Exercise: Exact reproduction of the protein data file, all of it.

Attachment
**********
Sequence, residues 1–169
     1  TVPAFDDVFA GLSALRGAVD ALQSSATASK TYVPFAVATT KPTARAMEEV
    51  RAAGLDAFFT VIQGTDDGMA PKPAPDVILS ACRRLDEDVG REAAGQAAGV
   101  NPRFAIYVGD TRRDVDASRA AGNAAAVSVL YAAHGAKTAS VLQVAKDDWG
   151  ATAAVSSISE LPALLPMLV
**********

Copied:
Sequence, residues 1–169
     1  TVPAFDDVFA GLSALRGAVD ALQSSATASK TYVPFAVATT KPTARAMEEV
    51  RAAGLDAFFT VIQGTDDGMA PKPAPDVILS ACRRLDEDVG REAAGQAAGV
   101  NPRFAIYVGD TRRDVDASRA AGNAAAVSVL YAAHGAKTAS VLQVAKDDWG
   151  ATAAVSSISE LPALLPMLV